You’ve heard it before and you’ll hear it a hundred times again: The herd theory hoax that claims vaccines don’t work unless everyone gets vaccinated.
A new study published in the journal JAMA Pediatrics that disingenuously declares no connection between vaccines and autism is being paraded around by the mainstream media as more “proof” that vaccines are completely safe. Of course, included among these is CNN, which in typical fake news fashion completely skews the truth in order to push the pro-vaccine agenda of its controllers.
By Kent Heckenlively
A Compelling Chronicle Which Poses the Question Whether the Autism Epidemic Could Have Been Stopped If Courageous Scientists Had Truly Followed the Evidence
It reads like a mystery thriller, a lone whistleblower, akin to All the President’s Men’s Deep Throat, spills the government’s secrets. But like the film Contagion, what’s at risk is the health of millions!
Mike Adams, June 3 2016
Think the Zika virus is responsible for all the cases of microcephaly in South America? Think again: There is no reliable scientific evidence linking the two. The developmental deformities are actually caused by exposure to toxic insecticide and larvicide chemicals, not Zika virus.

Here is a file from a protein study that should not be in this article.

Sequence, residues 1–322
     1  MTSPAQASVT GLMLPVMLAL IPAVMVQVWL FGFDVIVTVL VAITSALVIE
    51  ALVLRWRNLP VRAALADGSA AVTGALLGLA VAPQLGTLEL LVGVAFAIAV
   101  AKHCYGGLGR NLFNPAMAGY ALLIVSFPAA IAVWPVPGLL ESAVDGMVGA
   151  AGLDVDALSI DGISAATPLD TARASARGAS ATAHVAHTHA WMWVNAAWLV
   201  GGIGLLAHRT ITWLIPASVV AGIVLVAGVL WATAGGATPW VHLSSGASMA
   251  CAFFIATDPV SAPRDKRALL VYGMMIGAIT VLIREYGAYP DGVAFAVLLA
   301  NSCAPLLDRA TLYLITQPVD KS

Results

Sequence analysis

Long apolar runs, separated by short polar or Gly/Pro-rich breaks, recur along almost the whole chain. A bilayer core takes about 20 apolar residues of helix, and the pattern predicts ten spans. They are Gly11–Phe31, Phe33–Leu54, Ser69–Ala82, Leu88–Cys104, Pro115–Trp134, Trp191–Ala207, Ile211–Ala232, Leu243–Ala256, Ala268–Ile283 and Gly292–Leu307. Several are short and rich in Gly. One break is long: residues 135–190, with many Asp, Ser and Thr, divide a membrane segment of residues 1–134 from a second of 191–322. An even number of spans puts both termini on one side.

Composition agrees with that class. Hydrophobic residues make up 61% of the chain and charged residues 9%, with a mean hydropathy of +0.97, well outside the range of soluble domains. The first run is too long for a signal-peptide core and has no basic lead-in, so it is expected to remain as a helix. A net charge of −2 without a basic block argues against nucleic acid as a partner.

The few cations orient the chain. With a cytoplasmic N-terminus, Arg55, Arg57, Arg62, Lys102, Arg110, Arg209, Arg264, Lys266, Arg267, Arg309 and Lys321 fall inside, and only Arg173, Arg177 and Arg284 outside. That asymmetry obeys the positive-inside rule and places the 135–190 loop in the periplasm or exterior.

Imagine that you have taken a stand challenging medical orthodoxy. It might be on cancer treatments, diet, alternative therapies, or any number of other issues. You start to come under attack. Critics write hostile comments on blogs; complaints are made to medical authorities; your attempts to organize public talks are sabotaged. What should you do?
(NaturalNews) Nearly two years ago, CDC senior scientist Dr. William Thompson admitted publicly that he and colleagues omitted vital information from a 2004 report which indicated that African-American males who received the MMR vaccine before reaching three years old were more at risk for developing autism.
Jennifer Lea Reynolds, March 21, 2016
One of the most natural actions in existence – a mother breastfeeding her child – is facing scrutiny not over the age-old breastfeed or bottle-feed debate, but rather something much more bizarre.
Lori Alton, December 23,2015
Thinking he was doing the best thing for his newborn son, an Australian man is still living with the consequences of heeding a hospital’s directive to get a booster vaccine for pertussis, also known as whooping cough, before seeing his infant.